|Two Against Time|
|Directed by||David Anspaugh|
|Music by||David Shire|
|Country of origin||United States|
|Cinematography||Johnny E. Jensen|
|Running time||100 minutes|
|Original release||April 21, 2002|
Two Against Time is a 2002 American made-for-television drama film starring Marlo Thomas and Ellen Muth. It was written by Casey Kurtti and Peter Nelson and directed by David Anspaugh. The film was originally aired on CBS on April 4, 2002.
A mother and her daughter are, almost at same time, diagnosed with cancer. Now, the struggle against the illness will set them close and help them to overcome old antagonisms.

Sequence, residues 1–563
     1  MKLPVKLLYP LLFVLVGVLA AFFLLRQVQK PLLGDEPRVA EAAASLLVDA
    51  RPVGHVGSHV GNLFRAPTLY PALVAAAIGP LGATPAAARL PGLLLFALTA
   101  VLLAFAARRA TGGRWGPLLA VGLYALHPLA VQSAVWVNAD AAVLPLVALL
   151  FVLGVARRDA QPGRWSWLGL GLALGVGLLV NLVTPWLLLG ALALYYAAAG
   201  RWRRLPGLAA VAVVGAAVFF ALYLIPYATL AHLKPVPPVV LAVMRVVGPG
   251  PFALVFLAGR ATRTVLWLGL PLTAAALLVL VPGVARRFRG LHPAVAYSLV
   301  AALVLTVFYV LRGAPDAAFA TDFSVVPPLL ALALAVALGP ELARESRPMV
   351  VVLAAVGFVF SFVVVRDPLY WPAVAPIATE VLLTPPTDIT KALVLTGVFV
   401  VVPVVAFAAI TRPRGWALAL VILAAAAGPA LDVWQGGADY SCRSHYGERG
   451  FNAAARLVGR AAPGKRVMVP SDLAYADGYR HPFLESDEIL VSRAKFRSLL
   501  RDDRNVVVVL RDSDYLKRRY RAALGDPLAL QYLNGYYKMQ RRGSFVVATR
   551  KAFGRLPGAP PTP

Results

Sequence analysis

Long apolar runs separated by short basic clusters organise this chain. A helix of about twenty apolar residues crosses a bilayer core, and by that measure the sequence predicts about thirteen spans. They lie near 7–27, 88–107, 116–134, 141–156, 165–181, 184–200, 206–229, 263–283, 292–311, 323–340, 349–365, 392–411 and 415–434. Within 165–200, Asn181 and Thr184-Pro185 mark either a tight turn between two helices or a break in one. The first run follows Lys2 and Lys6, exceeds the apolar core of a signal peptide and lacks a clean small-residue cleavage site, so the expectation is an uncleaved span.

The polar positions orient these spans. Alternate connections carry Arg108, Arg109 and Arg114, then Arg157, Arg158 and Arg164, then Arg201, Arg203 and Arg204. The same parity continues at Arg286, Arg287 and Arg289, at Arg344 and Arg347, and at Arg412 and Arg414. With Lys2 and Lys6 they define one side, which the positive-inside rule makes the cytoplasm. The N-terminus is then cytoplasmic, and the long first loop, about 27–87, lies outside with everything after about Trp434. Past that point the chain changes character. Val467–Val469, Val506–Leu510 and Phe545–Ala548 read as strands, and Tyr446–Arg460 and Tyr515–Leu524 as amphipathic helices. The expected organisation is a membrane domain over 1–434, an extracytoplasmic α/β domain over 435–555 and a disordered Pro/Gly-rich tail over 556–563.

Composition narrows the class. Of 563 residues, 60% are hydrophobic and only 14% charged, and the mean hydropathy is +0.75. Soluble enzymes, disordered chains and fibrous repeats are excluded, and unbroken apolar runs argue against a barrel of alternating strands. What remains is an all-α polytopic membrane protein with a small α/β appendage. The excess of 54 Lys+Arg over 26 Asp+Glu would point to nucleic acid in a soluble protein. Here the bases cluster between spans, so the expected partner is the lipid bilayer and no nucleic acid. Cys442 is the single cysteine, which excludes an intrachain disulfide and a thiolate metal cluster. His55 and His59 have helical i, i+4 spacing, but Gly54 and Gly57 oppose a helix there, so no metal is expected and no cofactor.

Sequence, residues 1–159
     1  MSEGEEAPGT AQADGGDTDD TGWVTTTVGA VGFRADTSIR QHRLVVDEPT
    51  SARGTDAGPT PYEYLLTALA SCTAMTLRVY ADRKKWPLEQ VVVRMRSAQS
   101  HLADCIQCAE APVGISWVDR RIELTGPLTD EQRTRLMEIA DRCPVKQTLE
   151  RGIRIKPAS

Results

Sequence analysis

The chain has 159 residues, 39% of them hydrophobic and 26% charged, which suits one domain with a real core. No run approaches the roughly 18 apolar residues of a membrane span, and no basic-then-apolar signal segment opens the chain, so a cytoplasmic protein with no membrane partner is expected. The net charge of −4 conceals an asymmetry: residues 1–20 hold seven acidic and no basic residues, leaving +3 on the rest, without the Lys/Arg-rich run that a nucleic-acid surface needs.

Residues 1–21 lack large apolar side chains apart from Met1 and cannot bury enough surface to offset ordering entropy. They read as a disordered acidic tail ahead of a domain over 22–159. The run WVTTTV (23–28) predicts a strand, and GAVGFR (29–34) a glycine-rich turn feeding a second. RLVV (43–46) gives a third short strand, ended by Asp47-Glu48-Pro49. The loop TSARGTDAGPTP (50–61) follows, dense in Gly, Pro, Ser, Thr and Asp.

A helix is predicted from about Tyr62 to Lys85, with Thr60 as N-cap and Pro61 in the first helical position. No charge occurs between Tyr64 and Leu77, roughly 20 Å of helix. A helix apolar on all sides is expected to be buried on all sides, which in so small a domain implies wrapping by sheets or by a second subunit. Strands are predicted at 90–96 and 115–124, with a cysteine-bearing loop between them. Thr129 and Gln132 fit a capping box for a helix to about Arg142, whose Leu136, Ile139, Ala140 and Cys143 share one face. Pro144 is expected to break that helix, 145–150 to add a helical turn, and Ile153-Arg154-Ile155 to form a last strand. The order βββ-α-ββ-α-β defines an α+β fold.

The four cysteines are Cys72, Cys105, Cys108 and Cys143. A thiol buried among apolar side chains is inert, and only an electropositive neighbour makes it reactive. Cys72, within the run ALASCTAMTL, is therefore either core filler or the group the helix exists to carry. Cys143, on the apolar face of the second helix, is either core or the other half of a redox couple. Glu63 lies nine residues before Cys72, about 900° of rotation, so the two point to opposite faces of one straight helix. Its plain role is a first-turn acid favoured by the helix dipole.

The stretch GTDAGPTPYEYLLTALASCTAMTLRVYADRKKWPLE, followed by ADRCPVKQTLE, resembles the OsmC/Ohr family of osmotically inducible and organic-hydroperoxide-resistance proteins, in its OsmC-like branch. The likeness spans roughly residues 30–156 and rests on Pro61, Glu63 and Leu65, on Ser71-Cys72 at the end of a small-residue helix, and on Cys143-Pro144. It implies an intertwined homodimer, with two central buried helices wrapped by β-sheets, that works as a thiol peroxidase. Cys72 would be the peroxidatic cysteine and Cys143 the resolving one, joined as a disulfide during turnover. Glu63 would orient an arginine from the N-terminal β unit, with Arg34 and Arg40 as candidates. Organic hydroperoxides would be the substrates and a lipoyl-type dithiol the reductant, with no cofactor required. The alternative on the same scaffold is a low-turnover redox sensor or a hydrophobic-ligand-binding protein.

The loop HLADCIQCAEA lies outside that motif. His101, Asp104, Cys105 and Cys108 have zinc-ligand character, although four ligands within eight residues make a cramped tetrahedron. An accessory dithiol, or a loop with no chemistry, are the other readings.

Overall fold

Andy Webb from The Movie Scene gave the film three out of five stars, stating: "What this all boils down to is that I am still conflicted by "Two Against Time" because of the mix of heart-breaking and heart-warming which ends up causing the gritty drama to be softened. But it is a powerful story, powerfully acted and a movie which whilst may leave you as conflicted as I am, is well worth a watch."David Parkinson from Radio Times gave the movie only one out of five stars and wrote: "It's a cheap jibe to dismiss TV movies as "disease of the week" fodder. Unfortunately, this drama from director David Anspaugh ticks all the boxes. It's based on a true story and not only has two people battling against cancer, but, to make matters all the more lachrymose, they're a single mother and her rebellious teenage daughter." Steven Oxman from Variety magazine said about Two Against Time: "TV movies are dead, you know. They don't make them anymore. At least not the traditional ones. Admirably capable of exhausting a year's supply of tissues in a single sitting, "Two Against Time" will be a miracle cure for fans of this shamelessly sappy genre in its death throes." Tom Shales from The Washington Post criticized almost every aspect of the film, stating: "There have been many TV movies about the emotional and physical ravages of serious illness, most of them more sensitive than this one. Those who made "Two Against Time" imagine we've never seen any of those films and that hair loss from chemotherapy is going to come as a shock. There are worlds and worlds of difference between a lackluster movie like this and HBO's "Wit," in which Emma Thompson so memorably and unflinchingly played a terminal cancer patient."
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